I had another selfish reason to do this as well. It inspires me to write a poem and talk in writing to a friend, and forcing me to walk to the nearest mailbox which is 1 km away…so it is also beneficial to my physical and mental health to walk which is something I have not done much this winter especially since my fall early in January. It made me wary of walking on icy sidewalks.
I often try to spread out the cards so I have to go out more often.
This is a troiku (new form of haiku created by Chevrefeuille, at Carpe Diem Haiku Kai I wrote a few days ago, that made me think of my friends this valentine week.
greyness lingers lockdowns hold us prisoners when will winter leave?
greyness lingers looking for a bit of light shining in my heart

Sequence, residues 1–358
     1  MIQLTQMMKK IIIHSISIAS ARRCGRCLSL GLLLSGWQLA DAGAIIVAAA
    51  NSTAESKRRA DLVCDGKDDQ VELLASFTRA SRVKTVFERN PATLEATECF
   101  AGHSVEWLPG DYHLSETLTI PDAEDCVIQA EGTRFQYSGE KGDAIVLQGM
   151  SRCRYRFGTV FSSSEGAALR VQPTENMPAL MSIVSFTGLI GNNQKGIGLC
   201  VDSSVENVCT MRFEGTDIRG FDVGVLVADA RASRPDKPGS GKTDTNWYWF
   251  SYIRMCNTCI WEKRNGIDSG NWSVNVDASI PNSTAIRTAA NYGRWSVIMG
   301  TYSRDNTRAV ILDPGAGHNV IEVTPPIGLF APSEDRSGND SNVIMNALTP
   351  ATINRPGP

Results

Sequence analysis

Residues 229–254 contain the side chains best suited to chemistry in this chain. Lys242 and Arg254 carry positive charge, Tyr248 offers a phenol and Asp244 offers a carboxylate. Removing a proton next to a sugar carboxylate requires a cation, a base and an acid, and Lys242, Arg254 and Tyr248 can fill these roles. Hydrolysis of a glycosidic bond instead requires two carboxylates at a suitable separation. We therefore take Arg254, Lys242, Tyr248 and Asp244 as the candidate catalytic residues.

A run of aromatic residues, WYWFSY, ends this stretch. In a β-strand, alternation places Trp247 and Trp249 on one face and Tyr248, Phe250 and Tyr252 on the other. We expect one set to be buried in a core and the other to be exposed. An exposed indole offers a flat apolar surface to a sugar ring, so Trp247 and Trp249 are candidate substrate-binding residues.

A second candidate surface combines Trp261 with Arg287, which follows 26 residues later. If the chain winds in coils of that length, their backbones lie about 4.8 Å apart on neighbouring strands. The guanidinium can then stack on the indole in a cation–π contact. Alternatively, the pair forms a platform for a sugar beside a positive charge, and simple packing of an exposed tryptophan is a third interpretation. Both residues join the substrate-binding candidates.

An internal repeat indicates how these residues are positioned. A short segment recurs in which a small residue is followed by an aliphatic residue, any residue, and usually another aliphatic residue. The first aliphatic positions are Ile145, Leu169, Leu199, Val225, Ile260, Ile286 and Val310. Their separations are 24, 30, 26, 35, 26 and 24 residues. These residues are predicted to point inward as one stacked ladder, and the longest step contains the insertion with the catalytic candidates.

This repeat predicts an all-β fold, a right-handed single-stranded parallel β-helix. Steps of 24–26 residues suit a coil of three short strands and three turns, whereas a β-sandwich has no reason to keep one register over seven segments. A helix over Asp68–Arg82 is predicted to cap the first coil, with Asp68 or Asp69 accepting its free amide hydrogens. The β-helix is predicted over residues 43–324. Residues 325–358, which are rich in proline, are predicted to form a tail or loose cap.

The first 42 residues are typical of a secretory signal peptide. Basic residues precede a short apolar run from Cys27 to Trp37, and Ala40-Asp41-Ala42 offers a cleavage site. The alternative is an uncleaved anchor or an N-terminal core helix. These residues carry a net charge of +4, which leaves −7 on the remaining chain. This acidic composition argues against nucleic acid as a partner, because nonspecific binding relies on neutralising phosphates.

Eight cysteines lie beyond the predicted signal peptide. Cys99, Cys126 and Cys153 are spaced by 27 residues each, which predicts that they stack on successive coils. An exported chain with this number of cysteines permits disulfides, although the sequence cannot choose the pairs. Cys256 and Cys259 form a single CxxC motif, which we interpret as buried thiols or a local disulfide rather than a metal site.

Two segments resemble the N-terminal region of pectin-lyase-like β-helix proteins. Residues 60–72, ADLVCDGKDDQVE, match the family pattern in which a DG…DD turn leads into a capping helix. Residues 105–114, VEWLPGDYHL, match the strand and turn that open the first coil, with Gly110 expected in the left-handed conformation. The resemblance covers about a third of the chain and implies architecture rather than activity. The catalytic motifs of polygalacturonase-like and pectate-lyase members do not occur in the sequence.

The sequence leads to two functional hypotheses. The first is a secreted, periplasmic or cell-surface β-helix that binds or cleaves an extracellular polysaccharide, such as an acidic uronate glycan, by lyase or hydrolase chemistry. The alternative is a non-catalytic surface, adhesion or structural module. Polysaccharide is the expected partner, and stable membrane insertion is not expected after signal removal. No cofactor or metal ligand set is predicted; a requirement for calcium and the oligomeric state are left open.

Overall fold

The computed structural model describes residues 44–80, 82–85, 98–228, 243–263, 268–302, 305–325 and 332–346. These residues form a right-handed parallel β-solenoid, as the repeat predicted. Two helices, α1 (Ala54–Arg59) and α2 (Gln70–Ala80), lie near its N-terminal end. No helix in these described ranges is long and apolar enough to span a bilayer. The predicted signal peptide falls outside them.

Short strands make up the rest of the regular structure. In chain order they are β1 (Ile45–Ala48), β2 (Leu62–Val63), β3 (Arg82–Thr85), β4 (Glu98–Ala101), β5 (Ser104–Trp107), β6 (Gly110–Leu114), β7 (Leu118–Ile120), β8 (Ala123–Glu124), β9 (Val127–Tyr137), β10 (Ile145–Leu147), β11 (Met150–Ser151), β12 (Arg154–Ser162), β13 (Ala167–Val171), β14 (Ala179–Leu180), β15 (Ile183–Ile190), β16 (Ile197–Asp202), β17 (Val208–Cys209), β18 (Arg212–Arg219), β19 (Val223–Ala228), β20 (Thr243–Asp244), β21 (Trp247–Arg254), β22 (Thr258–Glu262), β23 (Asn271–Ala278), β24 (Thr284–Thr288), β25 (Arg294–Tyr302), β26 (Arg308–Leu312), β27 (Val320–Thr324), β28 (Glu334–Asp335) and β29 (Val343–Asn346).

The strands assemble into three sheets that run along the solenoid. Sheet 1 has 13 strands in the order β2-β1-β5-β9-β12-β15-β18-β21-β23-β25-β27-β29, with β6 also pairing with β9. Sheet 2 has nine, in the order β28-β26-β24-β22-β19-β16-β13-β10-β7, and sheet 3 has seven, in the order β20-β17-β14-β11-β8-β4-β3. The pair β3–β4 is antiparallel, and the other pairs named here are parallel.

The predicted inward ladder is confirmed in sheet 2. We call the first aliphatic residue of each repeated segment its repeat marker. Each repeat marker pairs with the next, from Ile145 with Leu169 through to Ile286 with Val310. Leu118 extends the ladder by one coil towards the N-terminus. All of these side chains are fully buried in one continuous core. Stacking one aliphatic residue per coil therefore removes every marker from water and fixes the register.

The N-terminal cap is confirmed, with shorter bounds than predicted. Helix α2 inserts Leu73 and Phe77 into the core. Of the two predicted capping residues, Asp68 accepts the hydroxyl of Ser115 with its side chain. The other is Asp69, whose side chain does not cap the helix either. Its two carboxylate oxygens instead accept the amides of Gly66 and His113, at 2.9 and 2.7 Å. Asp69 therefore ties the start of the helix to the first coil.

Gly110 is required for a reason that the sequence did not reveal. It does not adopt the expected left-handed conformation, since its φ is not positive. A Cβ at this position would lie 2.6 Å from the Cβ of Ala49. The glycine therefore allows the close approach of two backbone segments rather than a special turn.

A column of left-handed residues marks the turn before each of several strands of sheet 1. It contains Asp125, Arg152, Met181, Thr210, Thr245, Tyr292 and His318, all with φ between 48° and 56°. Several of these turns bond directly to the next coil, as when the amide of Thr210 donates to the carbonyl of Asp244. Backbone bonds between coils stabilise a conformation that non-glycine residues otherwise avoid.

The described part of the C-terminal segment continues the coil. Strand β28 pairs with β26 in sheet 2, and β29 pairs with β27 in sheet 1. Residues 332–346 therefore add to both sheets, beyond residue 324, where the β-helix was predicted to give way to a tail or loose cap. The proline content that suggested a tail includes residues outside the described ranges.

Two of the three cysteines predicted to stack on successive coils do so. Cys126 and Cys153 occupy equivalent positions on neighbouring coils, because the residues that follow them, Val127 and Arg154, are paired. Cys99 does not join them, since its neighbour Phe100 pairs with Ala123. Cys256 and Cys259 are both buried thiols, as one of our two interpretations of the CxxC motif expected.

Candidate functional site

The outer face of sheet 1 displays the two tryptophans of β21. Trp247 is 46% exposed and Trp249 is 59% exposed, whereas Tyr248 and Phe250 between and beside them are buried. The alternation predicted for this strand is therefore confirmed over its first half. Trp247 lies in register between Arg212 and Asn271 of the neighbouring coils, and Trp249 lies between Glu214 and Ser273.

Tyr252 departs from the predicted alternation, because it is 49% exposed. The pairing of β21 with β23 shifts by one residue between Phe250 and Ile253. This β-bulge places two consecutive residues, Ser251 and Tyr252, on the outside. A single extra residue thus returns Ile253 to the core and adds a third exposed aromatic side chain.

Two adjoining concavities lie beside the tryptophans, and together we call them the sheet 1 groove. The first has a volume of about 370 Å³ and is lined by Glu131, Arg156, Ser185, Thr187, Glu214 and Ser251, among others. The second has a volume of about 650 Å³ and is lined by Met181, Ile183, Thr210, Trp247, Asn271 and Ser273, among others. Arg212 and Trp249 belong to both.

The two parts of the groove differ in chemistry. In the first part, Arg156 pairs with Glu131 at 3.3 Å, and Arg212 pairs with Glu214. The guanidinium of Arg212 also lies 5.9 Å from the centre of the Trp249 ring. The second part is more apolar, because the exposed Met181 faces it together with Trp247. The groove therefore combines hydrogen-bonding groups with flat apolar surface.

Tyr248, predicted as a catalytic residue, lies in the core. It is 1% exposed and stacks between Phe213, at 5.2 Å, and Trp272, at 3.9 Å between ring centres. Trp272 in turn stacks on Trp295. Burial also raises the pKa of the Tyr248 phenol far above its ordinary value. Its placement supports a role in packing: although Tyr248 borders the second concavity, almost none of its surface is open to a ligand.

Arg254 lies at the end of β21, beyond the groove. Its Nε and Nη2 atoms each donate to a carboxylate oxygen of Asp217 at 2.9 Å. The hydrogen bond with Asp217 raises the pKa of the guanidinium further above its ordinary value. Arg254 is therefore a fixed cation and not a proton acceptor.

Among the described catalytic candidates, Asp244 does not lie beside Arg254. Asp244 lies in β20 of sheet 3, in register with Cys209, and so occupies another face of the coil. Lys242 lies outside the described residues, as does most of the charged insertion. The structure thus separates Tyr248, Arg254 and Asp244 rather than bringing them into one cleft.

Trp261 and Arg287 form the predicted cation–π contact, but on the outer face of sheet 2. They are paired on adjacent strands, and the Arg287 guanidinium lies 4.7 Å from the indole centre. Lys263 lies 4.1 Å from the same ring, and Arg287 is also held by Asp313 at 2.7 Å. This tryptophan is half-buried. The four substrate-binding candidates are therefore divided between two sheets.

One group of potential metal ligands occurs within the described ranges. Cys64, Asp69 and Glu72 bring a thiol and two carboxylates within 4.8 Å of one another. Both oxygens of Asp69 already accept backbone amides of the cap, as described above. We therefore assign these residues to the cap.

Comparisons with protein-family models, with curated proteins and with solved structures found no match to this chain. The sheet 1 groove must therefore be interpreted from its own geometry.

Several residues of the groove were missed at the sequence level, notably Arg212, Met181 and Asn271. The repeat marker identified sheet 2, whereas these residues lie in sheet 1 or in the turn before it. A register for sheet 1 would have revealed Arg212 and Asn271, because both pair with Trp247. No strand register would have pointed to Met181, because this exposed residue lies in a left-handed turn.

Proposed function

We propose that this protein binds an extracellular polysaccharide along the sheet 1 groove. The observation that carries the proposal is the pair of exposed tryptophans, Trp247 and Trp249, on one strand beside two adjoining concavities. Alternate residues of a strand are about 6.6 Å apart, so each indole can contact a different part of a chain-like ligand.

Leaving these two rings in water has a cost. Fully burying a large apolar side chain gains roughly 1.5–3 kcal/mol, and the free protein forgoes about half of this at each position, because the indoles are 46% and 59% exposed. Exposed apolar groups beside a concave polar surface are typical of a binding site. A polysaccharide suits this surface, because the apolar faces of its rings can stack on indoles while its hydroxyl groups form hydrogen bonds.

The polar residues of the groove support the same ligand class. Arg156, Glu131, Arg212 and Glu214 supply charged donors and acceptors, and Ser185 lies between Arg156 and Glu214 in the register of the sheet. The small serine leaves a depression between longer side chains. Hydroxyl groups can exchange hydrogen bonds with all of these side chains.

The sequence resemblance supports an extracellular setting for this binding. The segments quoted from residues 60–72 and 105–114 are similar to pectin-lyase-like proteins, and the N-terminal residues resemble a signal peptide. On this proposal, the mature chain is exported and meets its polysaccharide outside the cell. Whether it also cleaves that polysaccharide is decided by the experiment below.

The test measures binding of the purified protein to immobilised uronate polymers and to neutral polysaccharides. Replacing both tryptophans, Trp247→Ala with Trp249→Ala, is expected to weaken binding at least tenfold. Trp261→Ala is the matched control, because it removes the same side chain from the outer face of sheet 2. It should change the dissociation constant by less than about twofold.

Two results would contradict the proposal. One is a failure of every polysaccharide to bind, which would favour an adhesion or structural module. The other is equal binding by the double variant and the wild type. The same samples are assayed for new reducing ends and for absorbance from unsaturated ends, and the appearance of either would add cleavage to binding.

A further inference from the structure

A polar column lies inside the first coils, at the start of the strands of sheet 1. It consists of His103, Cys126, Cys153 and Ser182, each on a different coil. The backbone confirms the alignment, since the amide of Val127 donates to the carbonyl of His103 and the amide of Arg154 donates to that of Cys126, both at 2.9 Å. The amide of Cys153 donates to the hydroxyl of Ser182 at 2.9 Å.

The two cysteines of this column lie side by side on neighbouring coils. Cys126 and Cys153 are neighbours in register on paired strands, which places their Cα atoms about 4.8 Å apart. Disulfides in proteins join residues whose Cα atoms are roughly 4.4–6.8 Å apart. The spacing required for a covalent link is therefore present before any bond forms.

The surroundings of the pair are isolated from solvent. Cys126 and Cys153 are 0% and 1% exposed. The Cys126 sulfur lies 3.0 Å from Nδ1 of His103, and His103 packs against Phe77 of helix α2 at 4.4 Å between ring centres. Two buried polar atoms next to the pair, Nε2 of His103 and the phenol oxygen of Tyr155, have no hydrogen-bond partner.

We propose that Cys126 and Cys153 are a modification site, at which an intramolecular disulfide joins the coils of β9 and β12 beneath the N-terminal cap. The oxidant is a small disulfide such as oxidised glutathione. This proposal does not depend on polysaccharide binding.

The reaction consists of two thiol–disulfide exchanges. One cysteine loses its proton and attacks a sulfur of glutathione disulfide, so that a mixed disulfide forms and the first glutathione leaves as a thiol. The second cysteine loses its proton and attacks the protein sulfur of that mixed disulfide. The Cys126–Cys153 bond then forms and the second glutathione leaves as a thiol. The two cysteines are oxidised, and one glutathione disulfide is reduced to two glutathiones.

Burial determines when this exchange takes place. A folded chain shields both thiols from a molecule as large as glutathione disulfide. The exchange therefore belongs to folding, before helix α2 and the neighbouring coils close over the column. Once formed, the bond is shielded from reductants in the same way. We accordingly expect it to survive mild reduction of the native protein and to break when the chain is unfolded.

lockdowns hold us prisoners soon the days shall pass Oh, see the light shine
when will winter leave? thankful for a caring friend brightens every day
In memory of the 14 women who were killed Dec 6, 1989 there will be a tribute planned for the victims of Ecole Polytechnique shooting.
The women killed in 1989 were Genevieve Bergeron, Helene Colgan, Nathalie Croteau, Barbara Daigneault, Anne-Marie Edward, Maud Haviernick, Barbara Klucznik-Widajewicz, Maryse Laganiere, Maryse Leclair, Anne-Marie Lemay, Sonia Pelletier, Michele Richard, Annie St-Arneault and Annie Turcotte.
Fourteen beams of light will be projected into the sky from Mount Royal where Prime Minister Trudeau, Quebec Premier Francois Legault and Montreal Mayor, Valerie Plante are set to be present.
14 beams of light
reaching to the sky
tears in heaven
14 beams of light
14 innocent women
hear their cries
reaching to the sky
pleading for answers
still …feeling their loss
tears in heaven